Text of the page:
The Food and Drug Administration has issued new guidelines on Nov. 16 for the development and oversight of regenerative medicine products, including stem cell therapies.
FDA has also said it would crack down on the rogue and unauthorized clinics, which offer unproven or dangerous versions of regenerative treatments that have quickly escalated into a flourishing industry globally.
New Guidelines For Regenerative Therapies
FDA Commissioner Scott Gottlieb stated that the use of regenerative medicine products is no longer science-fiction stuff. Humans have reached a juncture of paradigm change in medicine, which shows promise of regenerating parts of the human body.
The advancements in the science and medical fields indicate that diseases can be combatted by introducing new genes into the body, tissues and cells can be engineered for healthy growth, diseased organs can be replaced with functional ones, and adult stem cells can produce replacements for cells that are lost to disease or injury.
Gottlieb, however, said that malpractices exist, and certain regenerative products that are harmful to people are also marketed. The FDA, therefore, has announced a policy framework that will protect patients from the risky products while making it faster to access new safe and effective therapies.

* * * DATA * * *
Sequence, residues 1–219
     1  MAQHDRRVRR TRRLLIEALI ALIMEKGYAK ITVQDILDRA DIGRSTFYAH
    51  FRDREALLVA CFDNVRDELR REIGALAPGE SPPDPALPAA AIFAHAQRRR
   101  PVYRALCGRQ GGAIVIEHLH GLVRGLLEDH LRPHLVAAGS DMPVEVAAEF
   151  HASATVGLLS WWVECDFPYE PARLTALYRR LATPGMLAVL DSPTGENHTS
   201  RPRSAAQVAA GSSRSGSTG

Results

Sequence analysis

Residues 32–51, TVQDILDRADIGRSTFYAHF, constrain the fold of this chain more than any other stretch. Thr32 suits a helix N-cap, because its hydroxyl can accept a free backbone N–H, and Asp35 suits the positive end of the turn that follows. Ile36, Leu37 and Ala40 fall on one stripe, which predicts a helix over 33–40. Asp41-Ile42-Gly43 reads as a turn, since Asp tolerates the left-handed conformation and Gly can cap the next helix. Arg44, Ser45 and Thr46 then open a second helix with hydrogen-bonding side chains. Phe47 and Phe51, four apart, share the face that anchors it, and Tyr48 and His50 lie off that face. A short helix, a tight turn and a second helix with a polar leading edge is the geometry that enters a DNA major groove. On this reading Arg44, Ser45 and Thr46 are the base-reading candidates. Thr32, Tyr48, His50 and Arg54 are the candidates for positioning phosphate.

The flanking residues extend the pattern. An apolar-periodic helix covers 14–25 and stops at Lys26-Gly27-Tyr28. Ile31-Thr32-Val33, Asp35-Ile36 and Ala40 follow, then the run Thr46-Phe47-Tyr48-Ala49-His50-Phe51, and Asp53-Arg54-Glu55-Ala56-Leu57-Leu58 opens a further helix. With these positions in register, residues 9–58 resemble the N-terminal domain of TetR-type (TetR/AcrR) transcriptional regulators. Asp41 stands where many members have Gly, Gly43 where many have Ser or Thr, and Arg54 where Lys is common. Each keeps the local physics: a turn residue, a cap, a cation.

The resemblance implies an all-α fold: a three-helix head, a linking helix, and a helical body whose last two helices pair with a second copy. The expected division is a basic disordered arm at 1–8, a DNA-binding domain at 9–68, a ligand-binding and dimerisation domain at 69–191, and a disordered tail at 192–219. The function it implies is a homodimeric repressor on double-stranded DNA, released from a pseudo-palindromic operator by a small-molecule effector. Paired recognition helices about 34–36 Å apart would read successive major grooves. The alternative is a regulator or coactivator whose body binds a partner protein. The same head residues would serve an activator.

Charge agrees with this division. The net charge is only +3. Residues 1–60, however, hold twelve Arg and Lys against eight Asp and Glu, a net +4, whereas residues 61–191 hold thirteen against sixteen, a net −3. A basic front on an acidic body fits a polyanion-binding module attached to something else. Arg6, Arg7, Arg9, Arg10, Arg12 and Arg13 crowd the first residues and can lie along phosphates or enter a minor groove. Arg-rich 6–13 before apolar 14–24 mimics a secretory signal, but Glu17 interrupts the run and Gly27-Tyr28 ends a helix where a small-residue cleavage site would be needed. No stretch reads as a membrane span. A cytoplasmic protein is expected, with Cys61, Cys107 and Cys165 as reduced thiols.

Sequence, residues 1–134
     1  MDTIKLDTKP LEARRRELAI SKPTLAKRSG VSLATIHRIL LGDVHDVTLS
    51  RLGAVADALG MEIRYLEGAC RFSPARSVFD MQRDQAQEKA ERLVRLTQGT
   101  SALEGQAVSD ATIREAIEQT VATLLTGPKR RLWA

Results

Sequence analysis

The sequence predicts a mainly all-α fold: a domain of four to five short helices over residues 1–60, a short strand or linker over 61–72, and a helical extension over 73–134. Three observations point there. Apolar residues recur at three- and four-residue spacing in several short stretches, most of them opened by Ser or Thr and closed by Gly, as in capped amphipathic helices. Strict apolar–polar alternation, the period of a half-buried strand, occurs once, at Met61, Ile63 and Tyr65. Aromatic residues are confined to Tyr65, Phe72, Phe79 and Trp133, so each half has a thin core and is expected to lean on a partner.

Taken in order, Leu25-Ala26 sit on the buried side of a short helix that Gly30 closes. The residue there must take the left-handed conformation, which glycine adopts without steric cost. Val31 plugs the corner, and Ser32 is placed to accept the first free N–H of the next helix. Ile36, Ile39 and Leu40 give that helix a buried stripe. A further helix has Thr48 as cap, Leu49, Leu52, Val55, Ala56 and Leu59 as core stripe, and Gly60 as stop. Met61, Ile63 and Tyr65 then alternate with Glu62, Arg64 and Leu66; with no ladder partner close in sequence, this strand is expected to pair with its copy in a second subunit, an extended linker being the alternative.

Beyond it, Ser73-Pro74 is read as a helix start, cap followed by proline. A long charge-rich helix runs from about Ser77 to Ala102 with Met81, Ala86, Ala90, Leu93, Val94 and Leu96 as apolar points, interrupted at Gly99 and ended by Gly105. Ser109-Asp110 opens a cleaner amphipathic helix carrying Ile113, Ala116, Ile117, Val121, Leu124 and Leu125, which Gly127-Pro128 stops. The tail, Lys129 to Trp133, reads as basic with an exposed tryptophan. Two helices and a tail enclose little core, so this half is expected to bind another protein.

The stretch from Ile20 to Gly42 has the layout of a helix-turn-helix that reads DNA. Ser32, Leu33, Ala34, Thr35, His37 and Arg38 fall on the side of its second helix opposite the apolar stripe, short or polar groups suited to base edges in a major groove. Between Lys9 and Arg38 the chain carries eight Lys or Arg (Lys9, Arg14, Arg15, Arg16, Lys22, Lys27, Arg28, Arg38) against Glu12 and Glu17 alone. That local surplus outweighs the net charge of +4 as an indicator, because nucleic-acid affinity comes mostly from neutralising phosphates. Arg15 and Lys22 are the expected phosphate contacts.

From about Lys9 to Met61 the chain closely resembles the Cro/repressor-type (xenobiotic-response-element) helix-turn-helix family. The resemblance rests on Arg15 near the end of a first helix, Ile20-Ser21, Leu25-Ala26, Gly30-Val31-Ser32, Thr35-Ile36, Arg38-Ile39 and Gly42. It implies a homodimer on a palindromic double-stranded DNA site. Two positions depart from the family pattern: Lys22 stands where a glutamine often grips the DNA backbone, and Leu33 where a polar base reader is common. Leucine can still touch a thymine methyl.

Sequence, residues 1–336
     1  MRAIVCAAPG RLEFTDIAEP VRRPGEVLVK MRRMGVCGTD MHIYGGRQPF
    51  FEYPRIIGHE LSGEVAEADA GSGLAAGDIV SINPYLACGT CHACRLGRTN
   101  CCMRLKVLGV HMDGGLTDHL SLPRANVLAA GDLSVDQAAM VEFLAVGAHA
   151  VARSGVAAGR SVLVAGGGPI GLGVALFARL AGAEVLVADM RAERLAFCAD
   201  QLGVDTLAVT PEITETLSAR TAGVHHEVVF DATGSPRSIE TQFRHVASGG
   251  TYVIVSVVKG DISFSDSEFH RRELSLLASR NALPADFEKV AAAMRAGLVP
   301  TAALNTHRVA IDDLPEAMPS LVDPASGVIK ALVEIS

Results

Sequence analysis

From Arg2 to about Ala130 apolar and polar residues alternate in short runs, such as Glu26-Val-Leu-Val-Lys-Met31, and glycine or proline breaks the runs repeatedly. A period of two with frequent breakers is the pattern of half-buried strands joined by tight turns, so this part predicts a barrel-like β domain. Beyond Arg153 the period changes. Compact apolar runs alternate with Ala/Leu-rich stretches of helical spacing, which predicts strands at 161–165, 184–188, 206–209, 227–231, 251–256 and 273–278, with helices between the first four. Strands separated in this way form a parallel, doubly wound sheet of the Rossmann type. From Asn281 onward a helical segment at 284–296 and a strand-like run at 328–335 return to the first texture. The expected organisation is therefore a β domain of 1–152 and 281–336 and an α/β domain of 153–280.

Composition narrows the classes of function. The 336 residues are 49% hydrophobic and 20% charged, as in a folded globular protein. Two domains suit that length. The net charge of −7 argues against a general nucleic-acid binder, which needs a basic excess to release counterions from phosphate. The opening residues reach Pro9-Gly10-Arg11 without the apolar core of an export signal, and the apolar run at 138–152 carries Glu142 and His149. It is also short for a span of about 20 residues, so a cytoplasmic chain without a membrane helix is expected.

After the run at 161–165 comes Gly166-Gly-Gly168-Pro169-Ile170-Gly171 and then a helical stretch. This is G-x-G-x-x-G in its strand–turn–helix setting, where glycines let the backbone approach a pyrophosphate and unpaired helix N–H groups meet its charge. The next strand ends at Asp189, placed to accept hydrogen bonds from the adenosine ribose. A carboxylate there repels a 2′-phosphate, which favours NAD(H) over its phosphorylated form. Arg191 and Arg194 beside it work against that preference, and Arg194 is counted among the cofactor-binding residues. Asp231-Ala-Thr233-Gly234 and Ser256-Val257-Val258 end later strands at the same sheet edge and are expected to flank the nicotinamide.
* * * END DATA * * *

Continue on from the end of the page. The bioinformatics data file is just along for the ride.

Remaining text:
“With the policy framework the FDA is announcing today, we’re adopting a risk-based and science-based approach that builds upon existing regulations to support innovative product development while clarifying the FDA’s authorities and enforcement priorities,” the commissioner said.
A Check On Rogue Clinics
Questionable and rogue stem-cell clinics have mushroomed all over the United States, which offer treatment for everything, from heart disease to sore knees, even as the field has advanced in the past few years.
“With high price tags, so-called 'stem-cell' clinics are designing therapies without evidence that serve to do harm, be ineffective, prey on the most vulnerable — potentially curtailing their ultimate treatment choices, and threaten the legitimate work being done that holds great promise for devastating disease,” according to a report in the American Council on Science and Health.
FDA's announcements included two final guidelines and two drafts created to enable developers to understand whether they need to submit a licensing application to the agency approval or fall into a lower-risk category that does not need premarket approval.
The steps mentioned in the guidelines and drafts will put a check on the rogue clinics that treat ailments by liposuctioning belly fat from patients and subsequently process it to get the so-called stem cells, which are then injected back into the patient. Unregulated procedures such as these have been offered for heart disease, back pain, arthritic knees, and other problems.
At the same time, one of the proposals in the guidelines will permit small clinics and independent researchers to apply as a group and pool data, which will serve as a boon for them. If approved, each would end up with a license for biologics, referring to treatments such as gene, tissue, and cell therapies, which are produced from natural sources instead of being chemically synthesized.